The song focuses around typical sensitive ‘90s R&B themes of love, family and total devotion. Serious stand-outs for the video involve K-Ci skipping a rock into the ocean, K-Ci’s hand movements that mime the lyrics he’s singing, and Devante’s (I think that’s Devante) air-keytar solo at the end. He continues the keytar solo from ocean to cathedral, and back.
“Feenin” is way different and though it also hits with some muscular R&B, there are darker elements. The song focuses around how love can be so strong and addictive that you essentially become a drug fiend. The drug fiend depicted in the video though is more like someone with serious mental problems that has been committed, and now lives in a padded room - there’s even a shot of one of the members, or an extra, wearing a diaper.
This video makes the mistake of trying to become some sort of narrative video, as shown during the star-studded poker game which attempts to explain the concept of “Feenin”. Snoop Dog provides some very unnecessary advice (though Snoop is just making a cameo, Jodeci had other star affiliations with Missy Elliott and Timbaland both involved with the group before the song kicks into a heavy rock intro.
The song then gets into its proper form, strong drums with a really amazing sounding snare, and K-Ci’s singing providing a narrative while the video switches between scenes of him in what is possibly hell (or blacksmith forge), and in an insane asylum.
The video is half-horror movie and half-mistaken ideas about what an insane asylum might be.
Some real highlights are Suge Knight as an orderly bringing in food, the aforementioned man in a diaper, the group sing-along around the piano in the padded music room, and the topless escape scene at the end where they rip all of the padding from the walls.
Overall, I’m not really sure what these videos say about anything, or whether they do say anything, they more show the music video at one of its most confused and weird times. The budget was there to make a big video, but people didn’t quite seem know how to do it. A big budget just meant a couple of more costume changes and renting expensive sets. Jodeci really took it to a weird level, and these two videos are entertaining examples. Though for the most part it’s a good thing that the big-business music industry is failing, the one thing I’ll miss most is absurd and large scale music videos. Animal Collective and Chairlift have shown how you can make amazing videos with a small budget, but the excessive nature of major label music videos in the ‘90s was something special.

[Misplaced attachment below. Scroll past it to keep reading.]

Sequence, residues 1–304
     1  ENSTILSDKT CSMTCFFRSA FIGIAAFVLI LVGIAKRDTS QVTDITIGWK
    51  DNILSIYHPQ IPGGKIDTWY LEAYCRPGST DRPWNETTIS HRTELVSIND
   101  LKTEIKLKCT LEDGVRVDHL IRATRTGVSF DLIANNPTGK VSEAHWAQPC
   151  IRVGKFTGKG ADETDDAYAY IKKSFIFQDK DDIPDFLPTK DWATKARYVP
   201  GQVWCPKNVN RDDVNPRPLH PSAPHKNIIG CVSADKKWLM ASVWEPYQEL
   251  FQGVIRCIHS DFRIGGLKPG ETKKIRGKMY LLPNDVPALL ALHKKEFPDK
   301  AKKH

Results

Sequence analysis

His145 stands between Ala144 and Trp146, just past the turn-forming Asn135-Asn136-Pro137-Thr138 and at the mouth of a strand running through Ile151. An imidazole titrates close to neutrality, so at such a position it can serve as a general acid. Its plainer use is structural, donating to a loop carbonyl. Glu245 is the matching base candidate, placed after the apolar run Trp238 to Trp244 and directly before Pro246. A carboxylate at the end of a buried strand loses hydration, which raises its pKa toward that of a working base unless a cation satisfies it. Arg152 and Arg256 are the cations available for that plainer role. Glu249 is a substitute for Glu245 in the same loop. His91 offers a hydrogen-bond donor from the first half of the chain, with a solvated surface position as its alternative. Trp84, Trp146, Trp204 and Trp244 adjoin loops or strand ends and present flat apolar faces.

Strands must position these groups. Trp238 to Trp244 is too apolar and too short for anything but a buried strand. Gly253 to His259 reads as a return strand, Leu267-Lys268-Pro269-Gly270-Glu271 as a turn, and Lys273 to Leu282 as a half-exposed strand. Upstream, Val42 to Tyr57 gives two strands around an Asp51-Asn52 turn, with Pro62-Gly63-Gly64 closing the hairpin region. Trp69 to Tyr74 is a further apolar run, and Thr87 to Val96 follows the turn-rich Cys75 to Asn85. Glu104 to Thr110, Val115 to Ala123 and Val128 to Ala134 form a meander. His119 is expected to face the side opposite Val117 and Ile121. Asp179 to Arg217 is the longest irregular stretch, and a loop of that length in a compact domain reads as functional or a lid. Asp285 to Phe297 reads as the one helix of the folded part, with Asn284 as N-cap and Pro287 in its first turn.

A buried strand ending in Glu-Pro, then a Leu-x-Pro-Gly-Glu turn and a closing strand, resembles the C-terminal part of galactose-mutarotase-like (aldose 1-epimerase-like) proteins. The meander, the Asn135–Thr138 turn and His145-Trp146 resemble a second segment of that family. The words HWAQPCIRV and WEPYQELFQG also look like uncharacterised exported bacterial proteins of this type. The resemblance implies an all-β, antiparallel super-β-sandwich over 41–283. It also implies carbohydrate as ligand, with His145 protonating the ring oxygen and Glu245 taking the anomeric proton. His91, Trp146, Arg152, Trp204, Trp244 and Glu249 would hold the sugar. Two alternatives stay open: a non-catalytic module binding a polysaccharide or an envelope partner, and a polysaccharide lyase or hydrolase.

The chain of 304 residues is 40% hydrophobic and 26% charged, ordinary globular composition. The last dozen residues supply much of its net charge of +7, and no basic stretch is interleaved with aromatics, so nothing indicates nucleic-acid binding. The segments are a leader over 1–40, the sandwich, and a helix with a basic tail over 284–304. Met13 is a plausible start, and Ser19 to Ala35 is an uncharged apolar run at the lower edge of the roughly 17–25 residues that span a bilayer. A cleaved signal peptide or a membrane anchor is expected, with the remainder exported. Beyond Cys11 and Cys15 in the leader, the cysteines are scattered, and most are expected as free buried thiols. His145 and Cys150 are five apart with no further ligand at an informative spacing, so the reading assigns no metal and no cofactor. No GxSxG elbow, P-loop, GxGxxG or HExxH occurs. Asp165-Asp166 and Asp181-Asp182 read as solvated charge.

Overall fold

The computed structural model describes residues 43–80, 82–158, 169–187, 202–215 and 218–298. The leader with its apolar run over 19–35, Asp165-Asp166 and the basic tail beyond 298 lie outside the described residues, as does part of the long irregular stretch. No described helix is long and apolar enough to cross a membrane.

Of course, it gets tiresome adding another name to list of indelible artists whose departures leave us shaken, and much worse off without them. When it comes to John Cepahs, we are not only losing great voice, we are losing a type of language, a way of communicating that, once gone, will never come back. This is not something to unduly or excessively mourn, it is (to invoke an odious but inevitable cliche) the proverbial cycle of life. It is a facet of evolution; of course it has happened going back as far as people have created. But it still hurts. And it seems right, or at least respectful, to selfishly want more while being grateful for what we already received.